Try to imagine the Chinese or anyone else physically invading this country when one in four people own a firearm and ammunition. Now do you guys understand why wimpy organizations like the UN want us disarmed??? Find this view in a public school textbook.!! It wont happen.

Thanks,
Orangetom



posted on Jun, 7 2005 @ 07:58 PM
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Originally posted by orangetom1999
We are talking not only about access to resources but also the trade routes by which the resources are shipped. Throw in the factors of huge loans made to China and other countries to create this new economy....reniging on the loans is another huge problem. Historically the banks do not take kindly to this reniging on the loans under military force as was the case with the Japanese and Germans in WW2. Someone will try to call in the repo man. How do you repo a country as large as China.??
Will China intercede in the mid east to gain access to the energy resources she despirately needs???


Every year, China is building up and strengthening its own financial resources from its economic successes in the past few years. Foreign businesses can make money in China but China restricts it to a minimum for companies exporting its revenues overseas or via foreign banks. Any larger profit made in China STAYS in China. It locked the back door and weld-shutted it.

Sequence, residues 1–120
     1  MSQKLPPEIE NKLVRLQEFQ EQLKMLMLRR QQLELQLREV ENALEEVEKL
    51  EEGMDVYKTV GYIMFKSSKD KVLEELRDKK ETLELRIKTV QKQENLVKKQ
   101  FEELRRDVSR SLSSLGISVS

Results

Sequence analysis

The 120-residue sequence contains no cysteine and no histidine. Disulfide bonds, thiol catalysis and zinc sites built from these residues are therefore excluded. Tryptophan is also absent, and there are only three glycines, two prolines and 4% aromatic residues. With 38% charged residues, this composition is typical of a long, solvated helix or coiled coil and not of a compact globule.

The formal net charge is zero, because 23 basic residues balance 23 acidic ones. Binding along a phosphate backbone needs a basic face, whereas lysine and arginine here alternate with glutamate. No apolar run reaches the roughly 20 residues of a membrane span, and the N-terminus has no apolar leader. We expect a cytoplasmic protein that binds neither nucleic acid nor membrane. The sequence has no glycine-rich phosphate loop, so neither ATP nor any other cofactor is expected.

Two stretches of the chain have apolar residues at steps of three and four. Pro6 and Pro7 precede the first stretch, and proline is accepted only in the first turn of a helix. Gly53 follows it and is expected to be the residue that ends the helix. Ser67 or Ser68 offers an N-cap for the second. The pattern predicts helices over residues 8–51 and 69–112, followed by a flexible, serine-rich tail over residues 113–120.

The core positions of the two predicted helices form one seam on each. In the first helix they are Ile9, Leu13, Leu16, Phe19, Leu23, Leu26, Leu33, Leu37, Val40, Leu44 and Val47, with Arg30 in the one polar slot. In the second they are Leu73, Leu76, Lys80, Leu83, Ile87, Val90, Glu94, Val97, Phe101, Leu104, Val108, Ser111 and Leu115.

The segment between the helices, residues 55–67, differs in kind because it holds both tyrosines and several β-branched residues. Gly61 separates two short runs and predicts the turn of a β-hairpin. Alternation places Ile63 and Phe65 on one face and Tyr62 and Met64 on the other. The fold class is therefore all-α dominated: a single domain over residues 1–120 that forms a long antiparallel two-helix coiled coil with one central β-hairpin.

China have plenty of resources it can turn to in the immediate areas or neighboring states. Why do you think China is engaging in a trade war with the US and EU over textile quotas? Because there is a surplus on textile and China wanted to flood the markets with cheap-grade textiles, especially in the US and EU (and which would drive American and European textile producers out of business or cut back productions). If there's a surplus on textile in China, then there may be other surpluses on other resources China have waiting in the wing (but first they wanted to see how the textile trade war goes with the US/EU).


Originally posted by orangetom1999
By the way..China is looking into building larger aircraft carriers too. A offensive weapons system...definitely.


The US already have a contingency plan to wipe out China's naval yards that would build its aircraft carriers. They had it for years with the Soviets.



posted on Jun, 7 2005 @ 08:51 PM
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No problem on contingency plans on China. I have known this for years. Contingency plans to take Mexico and Canada if needed. No problem. These things are done constantly at think tanks and war colleges.